Literary 'whodunits' to leave you on the edge of your seat

May 2016
Each of these books is full of suspense, and will have you racing through the pages eager to reach the big reveal.

Sunday (22 May) was Sir Arthur Conan Doyle's birthday. A prolific crime fiction author, he is best known for introducing us to the eccentric but brilliant detective Sherlock Holmes.

Famed for using careful observation, logic, and forensic science to crack even the hardest of cases, Holmes is one of, if not, the most popular fictional detective to date and has been portrayed in countless films, television series, stage productions, radio dramatisations and even video games.

In honour of Sir Arthur Conan Doyle's birthday we have considered some of the most head-scratching 'whodunits' in literature.

Who opened the chamber of secrets?
Very strange happenings begin occurring at Hogwarts in JK Rowling's second Harry Potter instalment, Harry Potter and the Chamber of Secrets. Ghosts, students and even cats are being found 'petrified' (frozen like a statue) and mysterious messages start appearing on the walls, one of which reveals that the chambers of secrets has been opened.

With only the heir of Slytherin able to open the chamber and control the monster contained inside it, it's a race against time for Harry, Ron and Hermonie to discover the culprit and close the chamber before anybody gets killed.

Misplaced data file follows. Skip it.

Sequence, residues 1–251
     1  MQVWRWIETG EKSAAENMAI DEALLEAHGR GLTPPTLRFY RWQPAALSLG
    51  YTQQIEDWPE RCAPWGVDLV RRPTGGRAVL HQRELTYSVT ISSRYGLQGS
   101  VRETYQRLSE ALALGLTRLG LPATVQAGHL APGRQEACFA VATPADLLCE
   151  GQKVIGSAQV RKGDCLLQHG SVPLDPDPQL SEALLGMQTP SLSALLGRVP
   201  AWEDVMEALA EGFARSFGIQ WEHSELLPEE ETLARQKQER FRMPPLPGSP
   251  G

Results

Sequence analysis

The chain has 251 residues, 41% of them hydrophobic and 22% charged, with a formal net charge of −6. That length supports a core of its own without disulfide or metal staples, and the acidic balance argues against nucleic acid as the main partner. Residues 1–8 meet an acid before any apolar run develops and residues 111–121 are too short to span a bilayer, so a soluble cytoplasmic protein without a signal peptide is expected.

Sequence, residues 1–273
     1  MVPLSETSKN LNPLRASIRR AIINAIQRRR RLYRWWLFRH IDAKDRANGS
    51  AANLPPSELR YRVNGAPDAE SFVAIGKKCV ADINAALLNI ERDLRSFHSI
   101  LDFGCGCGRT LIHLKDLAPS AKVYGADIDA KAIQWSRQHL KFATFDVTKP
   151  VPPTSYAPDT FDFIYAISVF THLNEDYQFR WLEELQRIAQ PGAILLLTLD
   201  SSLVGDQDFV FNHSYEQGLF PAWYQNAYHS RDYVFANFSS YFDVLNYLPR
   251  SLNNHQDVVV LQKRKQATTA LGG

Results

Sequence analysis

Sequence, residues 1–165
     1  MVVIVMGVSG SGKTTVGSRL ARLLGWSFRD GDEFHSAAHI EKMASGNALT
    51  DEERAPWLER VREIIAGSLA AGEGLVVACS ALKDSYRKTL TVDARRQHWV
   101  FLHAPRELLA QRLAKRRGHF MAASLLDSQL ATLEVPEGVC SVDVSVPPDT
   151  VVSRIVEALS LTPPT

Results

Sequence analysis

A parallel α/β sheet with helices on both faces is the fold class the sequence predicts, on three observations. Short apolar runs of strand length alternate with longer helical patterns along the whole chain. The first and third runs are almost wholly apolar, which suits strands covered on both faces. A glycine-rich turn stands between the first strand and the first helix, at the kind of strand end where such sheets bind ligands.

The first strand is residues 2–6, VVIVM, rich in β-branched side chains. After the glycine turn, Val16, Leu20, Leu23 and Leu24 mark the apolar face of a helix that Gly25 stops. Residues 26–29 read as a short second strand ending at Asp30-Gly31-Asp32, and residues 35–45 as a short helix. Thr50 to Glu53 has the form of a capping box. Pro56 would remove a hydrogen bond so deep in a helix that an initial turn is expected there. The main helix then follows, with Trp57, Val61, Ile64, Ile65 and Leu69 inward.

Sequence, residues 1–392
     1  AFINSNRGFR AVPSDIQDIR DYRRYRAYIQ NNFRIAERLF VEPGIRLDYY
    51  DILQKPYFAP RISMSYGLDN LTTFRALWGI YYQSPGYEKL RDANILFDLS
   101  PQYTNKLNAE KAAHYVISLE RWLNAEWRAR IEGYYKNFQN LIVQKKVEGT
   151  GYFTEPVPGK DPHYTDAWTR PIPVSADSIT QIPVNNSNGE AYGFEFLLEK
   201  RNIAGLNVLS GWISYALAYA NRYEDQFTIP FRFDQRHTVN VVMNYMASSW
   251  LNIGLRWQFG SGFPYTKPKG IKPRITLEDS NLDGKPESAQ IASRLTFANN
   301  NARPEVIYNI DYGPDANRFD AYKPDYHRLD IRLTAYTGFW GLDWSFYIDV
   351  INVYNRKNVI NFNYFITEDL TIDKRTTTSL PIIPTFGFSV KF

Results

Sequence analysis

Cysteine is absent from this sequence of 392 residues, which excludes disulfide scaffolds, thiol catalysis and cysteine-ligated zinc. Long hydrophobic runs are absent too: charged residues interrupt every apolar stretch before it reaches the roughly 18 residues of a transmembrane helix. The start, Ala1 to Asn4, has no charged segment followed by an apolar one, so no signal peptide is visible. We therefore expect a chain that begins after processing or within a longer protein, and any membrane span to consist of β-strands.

What are the Thirty-Nine Steps?
The Thirty-Nine Steps by John Buchan is one of the earliest examples of the 'man-on-the-run' thriller. The novel follows Richard Hannay who, when accosted by an American spy in fear of his life, becomes embroiled in Germany's imminent plans to destabilise Europe by assassinating a Greek diplomat and invading the UK.

When the American spy is fatally stabbed, Richard takes it upon himself to take up his friend's cause. Looking through his notes for clues, Richard finds a reference to the mysterious thirty-nine steps. It is down to Richard to discover exactly what/where the thirty-nine steps are and why they are so important to the enemy's plan.

Who is responsible for Eva Smith's suicide?
JB Priestley's An Inspector Calls is a play about the suicide of a young working-class woman called Eva Smith. A former employee at Birling & Co., Inspector Goole arrives at the Birling residence to speak with Mr. Birling concerning his responsibility towards Eva's death. However, as the evening unfolds, it soon becomes apparent that each member of the Birling family had been involved with Eva, and anyone of them could be held accountable for her death.

Each of these books is full of suspense, and will have you racing through the pages eager to reach the big reveal. If you've already solved these mysteries, why not choose another crime and mystery favourite from the Kumon Recommended Reading List, and put on your detective hat ready to do some investigating of your own.